The French language is not just all beautiful poetry-sounding words and charming accents.
In this article, as in the previous two, we will be talking about words that are considered weird because of its funny sound, the strangeness of the word itself, or the amazing fact that someone actually spent time to come up with it.
English is supposedly the language with the largest vocabulary. But still, there are a bunch of French words that do not have an exact equivalent in English. You’ll also be discovering some of those here.
Ready? Let’s start.
Yup, that’s one weird word, alright. First of all, we all know what a brassiere (or bra, if you wish) supports. And it’s not the neck. Whoever came up with this word seriously needs some re-thinking to do.
There is also an expression related to soutien-gorge which is “menteur comme un soutien-gorge” or literally “liar like a bra” but means a huge, shameless liar. According to the background of this expression, bras have often showcased womanly attributes in such a way that would sometimes appear misleading. Thus, the expression stuck.
So first we discover that bras are ‘neck supports’, and second, they’re liars too. Now that’s something you don’t read about every day.
It’s a bit weird to think of toes as fingers on your feet. But you have to admit that it’s technically the right name to call it too. But if you’d rather choose a less weird alternative, you can also say “orteil” for toes, and it still works just fine.
Literally, up to the “rim of the bowl” or something along the lines of “I’ve had enough!” and is used to express frustration or annoyance.
Not only is ras-le-bol a very fun thing to say (over and over, if you like), it can also up the ante in your conversations. Simply exclaim “j‘en ai ras le bol!” each time you’re fed up and sick of things, and you’ll cement your reputation as a French-speaking drama queen in no time.
Like this, but in French:
Leave it to the French to come up with a strange expression that scoffs at logic while enlightening us at the same time. Jolie laide is an expression used to refer to someone who is oddly beautiful; a lady that doesn’t fit the standard of beauty but is beautiful all the same.
Weird, no? Not quite. You see it often in every day – the lady with the buck tooth who lights up the room when she smiles, the girl with the closely-set eyes who seems weird at first look but when she looks at you, suddenly the rest of the world fades into view.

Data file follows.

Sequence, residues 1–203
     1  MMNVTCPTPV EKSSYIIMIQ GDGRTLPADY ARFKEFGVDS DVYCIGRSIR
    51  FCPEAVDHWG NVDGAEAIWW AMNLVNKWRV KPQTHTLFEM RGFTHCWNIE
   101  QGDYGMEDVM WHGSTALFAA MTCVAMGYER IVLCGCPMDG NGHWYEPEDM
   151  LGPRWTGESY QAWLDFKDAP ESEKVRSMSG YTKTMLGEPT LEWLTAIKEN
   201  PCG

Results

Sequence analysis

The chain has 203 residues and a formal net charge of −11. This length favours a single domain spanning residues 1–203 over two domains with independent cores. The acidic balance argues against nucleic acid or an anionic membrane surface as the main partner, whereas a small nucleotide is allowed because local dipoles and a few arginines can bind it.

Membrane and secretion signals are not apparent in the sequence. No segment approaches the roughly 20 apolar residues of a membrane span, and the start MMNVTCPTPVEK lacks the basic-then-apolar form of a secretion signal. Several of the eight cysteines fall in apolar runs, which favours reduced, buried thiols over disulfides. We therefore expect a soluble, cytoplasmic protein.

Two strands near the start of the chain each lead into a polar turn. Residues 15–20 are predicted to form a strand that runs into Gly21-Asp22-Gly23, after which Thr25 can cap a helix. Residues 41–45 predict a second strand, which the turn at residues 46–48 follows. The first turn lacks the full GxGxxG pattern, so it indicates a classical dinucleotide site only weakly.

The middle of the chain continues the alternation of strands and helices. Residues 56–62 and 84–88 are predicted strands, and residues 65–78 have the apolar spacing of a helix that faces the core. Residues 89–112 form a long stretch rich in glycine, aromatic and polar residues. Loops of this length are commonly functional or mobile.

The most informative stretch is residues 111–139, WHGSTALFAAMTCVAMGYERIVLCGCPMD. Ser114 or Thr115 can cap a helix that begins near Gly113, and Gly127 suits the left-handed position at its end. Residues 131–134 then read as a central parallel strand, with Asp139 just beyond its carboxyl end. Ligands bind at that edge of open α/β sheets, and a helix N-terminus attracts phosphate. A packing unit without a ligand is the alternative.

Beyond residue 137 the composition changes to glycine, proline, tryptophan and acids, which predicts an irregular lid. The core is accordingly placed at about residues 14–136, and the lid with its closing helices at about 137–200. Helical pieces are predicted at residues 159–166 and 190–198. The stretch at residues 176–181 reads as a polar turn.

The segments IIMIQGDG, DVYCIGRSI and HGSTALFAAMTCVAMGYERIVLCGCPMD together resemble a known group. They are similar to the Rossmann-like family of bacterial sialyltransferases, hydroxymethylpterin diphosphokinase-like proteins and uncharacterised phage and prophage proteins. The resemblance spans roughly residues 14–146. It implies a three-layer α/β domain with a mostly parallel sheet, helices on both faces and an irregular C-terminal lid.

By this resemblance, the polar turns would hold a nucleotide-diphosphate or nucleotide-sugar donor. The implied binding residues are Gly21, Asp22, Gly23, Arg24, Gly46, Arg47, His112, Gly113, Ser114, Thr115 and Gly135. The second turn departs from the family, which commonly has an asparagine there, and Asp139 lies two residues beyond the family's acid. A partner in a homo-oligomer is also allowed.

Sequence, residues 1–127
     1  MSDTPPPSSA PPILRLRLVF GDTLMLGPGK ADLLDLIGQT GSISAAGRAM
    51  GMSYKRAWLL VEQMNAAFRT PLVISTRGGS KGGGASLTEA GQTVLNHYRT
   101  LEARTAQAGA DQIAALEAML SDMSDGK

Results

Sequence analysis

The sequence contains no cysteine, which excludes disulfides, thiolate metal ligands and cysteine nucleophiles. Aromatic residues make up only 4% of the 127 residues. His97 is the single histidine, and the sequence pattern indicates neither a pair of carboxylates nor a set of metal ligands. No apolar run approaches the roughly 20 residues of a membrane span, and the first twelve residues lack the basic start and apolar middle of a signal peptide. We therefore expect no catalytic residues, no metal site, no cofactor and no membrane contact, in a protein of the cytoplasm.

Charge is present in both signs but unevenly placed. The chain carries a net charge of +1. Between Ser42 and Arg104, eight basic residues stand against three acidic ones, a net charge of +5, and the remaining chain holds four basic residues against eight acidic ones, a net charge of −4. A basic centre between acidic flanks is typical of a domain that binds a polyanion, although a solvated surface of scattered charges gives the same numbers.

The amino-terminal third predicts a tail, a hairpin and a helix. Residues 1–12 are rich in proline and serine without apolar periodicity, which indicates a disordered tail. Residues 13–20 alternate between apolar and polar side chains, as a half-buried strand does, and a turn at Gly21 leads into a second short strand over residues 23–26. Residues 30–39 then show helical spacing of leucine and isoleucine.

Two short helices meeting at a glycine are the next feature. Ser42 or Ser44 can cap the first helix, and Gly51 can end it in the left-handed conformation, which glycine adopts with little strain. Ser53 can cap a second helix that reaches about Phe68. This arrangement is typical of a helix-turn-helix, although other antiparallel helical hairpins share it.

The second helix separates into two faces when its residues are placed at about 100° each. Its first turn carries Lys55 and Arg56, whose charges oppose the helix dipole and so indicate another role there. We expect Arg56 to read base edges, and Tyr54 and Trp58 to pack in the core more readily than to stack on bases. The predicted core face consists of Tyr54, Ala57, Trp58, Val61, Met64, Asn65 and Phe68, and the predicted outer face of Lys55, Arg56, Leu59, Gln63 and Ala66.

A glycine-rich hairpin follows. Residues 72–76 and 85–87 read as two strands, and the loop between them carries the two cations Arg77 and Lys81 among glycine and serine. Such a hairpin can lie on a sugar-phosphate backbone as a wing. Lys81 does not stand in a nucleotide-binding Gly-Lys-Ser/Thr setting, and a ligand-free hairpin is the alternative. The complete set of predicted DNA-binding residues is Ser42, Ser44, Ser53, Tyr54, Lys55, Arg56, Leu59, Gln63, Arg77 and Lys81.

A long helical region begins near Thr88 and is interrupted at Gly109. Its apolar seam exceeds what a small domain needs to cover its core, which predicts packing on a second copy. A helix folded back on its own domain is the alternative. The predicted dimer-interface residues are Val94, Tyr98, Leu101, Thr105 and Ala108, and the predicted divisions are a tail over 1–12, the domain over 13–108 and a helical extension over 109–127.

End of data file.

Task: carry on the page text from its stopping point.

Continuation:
It’s the supermodel with the gap teeth or the vaguely awkward and lanky – but striking – Charlotte Gainsbourg. It’s a concept of feminine beauty that embraces the unconventional and sees uncommon allure outside of what is the norm.
Yeah, French words can be utterly brilliant like that.
I know exactly what you’re thinking: who the heck comes up with things like this?
Honestly, these expressions are becoming weirder by the day. But when you laugh quietly behind your beard, remember this post.
No wonder beards are so popular. You can’t even tell if this guy is laughing behind his beard.
… er, cat.
There’s regular crazy. Then there’s the frappadingue. The former is the kind you can hang with. The latter is something you should definitely steer clear of. Unless you’re a frappadingue yourself, then it’s all good.
Not to be confused with boo-hoo (the favorite word of crybabies), tohu-bohu is more badass on so many levels. This one means chaos! Turmoil! Anarchy! Bedlam! Pandemonium! And all the crazy confusion associated with those terms.
Though originally associated with a Hebrew phrase that made its way to French usage, this term makes it on this list because… how can you ignore a seemingly harmless-sounding word that is in fact totally filled with sass?
You know how the French are with our mélancolie and all-around desolation. But spleen is several times worse than simple ennui. (No, this is not the same as the spleen you know, and it’s not found inside your abdomen.)
This spleen is not a feeling you would want to be anywhere inside you.
It means a penetrating kind of desolation.
A fathomless pit of despair.
An awful, numbing emptiness.
Do you feel sad just simply reading this? Yeah, that’s probably spleen, too.
Don’t worry, this kitty understands what you’re going through.
This word is the slang version of the French term futé which is similar to “cunning”. But the way this word is used could often mean the opposite, as it’s mostly used sarcastically to mock someone deemed not too bright. Another harmless word to watch out for, this one might sound cute but don’t be fooled.
There are other French words that mean curly hair, such as bouclé or frisé, but those two are not in the same playing field as crépu. Crépu is not your average, standard curly. It’s a step far above the competition. Like the Ronda Rousey of curls — it’s on a league of its own.
Think of the kinkiest hair you could imagine. Curl it up some more… and a little bit more. When it’s all frizzy and wild, now that’s crépu.
Why there has to be a specific word for this, I don’t really know, but you gotta marvel at how fussy and precise the inventor of this word is.
So there you have it, ten more weird French words and expressions. Do you have weird French words that you think should make this list? Look for it in the first and second part of this series. If you still couldn’t find it in those lists, feel free to leave a message in the comments section.
Hungry for more French words? Whether it’s weird or not, look it up in the biggest French Vocabulary book available in the market. Get your copy now and get access to more than 18,000 French words across 50 topics. Click the image for more details!
Frederic Bibard is the founder of Talk in French, a company that helps french learners to practice and improve their french. Macaron addict. Jacques Audiard fan. You can contact him on Twitter and Google +